Shop Smart
There are several smart ways to get more fresh, high-quality food at affordable prices if you search a bit. I started with a Google search “find cheap veggies in Phoenix” and sure enough, most of my favorite spots were listed in the results. You can tailor the search to your community and find similar results. Nationwide there are some good leads on LocalHarvest.org, but they’re not always the most up-to-date so you’ll want to do some additional recon before heading out to a market listed there. Fellow Arizonans, be sure to check out FillYourPlate.org, and ArizonaFarmersMarkets.com for even more options.

Later this week I will share some ways to shop smart to get more high-quality fruits and veggies without blowing your food budget. I look forward to hearing your ideas, too. Do you have any clever tips for reducing food waste? Ideas for what to do with leftover veggies? Delectable veggie recipes or suggestions for meatless meals? Keep the conversation going by commenting below!

I Pinned It, I Did It: Guinness, Whiskey & Irish Cream Cupcakes

Monday, March 3rd, 2014

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At my company, there is a girl named Heidi, who makes the most anticipated food item of our entire year – the sausage roll. Every year, we all await the glorious day in December when we receive an e-mail announcing that the sausage-filled pastry has arrived, then we run as fast as we can to the art table to get a slice of our very own. It’s an incredibly fun tradition, and my mouth is watering just thinking about it.

I decided that I wanted to start a tradition of my own – something that I could bake and bring in each year as a thank you to my amazing co-workers. Two years ago, I found a recipe combining two of our favorite things – cake and booze – and my first ever “I Pinned It, I Did It” began with these Guinness, Whiskey & Irish Cream Cupcakes from the Brown Eyed Baker.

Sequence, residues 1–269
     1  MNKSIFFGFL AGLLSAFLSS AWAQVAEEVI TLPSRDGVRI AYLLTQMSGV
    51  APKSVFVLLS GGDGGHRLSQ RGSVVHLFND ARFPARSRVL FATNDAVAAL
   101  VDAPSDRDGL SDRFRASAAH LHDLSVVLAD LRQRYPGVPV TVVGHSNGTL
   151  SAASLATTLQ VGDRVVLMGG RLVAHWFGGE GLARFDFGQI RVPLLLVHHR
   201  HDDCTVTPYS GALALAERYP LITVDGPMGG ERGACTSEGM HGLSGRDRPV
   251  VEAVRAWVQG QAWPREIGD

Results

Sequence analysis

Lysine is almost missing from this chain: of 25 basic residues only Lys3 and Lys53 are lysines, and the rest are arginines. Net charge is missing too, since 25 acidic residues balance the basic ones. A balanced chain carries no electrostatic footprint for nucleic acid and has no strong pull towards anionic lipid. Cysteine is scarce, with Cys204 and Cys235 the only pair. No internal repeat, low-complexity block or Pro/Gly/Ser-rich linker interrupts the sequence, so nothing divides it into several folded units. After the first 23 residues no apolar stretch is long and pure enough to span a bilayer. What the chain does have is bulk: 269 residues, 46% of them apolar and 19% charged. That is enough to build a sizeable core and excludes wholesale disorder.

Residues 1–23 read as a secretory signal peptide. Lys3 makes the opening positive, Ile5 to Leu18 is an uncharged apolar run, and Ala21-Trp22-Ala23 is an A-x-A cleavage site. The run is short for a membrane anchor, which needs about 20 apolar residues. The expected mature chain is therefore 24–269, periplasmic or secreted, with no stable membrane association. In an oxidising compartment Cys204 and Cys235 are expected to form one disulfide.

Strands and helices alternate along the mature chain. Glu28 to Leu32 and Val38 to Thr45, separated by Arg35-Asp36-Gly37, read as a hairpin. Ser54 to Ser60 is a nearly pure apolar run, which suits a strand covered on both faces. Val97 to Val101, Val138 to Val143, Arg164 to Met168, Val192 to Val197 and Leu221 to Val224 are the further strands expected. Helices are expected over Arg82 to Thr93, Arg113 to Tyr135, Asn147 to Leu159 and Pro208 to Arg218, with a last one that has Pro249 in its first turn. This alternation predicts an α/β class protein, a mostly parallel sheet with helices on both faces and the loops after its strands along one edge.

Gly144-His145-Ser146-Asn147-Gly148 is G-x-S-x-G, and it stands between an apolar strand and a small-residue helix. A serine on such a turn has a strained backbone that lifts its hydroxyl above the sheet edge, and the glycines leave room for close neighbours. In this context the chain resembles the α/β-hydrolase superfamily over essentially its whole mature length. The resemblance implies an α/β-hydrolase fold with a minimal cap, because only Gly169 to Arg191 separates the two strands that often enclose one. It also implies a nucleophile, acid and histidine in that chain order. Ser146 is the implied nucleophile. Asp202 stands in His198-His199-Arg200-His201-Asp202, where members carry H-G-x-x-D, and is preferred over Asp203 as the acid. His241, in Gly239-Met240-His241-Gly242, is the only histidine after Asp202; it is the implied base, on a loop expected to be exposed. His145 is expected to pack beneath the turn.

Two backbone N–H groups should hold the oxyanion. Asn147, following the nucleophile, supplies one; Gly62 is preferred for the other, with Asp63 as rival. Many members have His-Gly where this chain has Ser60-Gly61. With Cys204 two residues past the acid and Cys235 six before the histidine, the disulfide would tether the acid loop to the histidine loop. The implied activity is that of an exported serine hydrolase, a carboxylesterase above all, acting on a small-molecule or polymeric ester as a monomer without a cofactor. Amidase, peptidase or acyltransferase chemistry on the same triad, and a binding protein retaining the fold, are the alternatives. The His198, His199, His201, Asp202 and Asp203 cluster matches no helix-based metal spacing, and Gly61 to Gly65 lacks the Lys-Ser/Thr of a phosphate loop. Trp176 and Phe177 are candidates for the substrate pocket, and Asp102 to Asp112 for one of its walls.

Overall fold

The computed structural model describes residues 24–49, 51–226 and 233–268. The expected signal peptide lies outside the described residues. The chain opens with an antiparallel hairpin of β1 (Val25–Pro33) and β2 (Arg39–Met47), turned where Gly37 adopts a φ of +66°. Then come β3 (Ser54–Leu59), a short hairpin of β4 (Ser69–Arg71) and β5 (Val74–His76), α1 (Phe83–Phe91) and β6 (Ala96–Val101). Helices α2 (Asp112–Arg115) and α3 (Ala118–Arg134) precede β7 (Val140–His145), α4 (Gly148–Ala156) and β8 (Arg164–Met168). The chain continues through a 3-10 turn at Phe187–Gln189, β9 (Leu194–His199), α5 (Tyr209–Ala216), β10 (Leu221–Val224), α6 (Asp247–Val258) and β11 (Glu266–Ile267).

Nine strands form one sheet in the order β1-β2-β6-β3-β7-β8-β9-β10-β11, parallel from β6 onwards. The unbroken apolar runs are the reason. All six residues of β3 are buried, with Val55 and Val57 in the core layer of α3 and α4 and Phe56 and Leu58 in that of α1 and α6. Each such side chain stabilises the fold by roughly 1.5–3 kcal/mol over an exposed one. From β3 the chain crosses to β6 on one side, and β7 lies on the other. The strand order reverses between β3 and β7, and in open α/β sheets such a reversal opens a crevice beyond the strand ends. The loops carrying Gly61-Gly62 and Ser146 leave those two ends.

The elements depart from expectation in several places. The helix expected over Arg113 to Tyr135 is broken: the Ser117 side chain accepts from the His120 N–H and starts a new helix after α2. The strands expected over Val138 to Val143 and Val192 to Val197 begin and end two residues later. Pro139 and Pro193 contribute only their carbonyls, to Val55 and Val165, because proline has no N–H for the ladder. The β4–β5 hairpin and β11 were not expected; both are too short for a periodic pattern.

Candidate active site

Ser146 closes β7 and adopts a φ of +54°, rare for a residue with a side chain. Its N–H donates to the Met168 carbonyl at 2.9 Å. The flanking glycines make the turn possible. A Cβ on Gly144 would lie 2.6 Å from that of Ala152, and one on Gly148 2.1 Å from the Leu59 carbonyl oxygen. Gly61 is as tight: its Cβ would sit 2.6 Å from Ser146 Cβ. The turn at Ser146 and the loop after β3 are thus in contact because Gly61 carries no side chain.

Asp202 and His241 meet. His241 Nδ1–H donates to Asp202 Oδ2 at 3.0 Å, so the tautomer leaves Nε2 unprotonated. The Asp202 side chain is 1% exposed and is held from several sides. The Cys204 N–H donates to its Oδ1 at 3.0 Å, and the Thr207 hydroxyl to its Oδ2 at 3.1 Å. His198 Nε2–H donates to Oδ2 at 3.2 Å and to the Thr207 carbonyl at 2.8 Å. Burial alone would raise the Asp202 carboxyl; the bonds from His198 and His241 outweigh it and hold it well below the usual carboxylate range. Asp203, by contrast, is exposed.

This recipe is based on the drink with the not-so-PC name, the Irish Car Bomb. An Irish Car Bomb is a cocktail where whiskey is floated on top of Irish Cream in a shot glass, and the shot glass is then dropped into a pub glass of Guinness. For the cupcake, you start with a Guinness and chocolate cake, fill it with whiskey and chocolate ganache, and then top the whole boozy concoction with an Irish Cream buttercream.

This recipe is incredibly simple, but just requires a bit of extra time to put all the elements together. And the end result is amazing – the cake is moist and the overall booze content is not overpowering.

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The three spirits you will need to have on hand are Guinness (and note that the only thing I could find in a six-pack was the Extra Stout – any type of Guinness works great in this recipe, so don’t worry if you don’t have the original), Baileys and the Irish whiskey of your choice (I prefer Jameson). Since Baileys and whiskey are good staple items to have in your bar anyway, this recipe becomes a winner yet again, because you don’t have to buy some obscure liquor that you may not ever use again.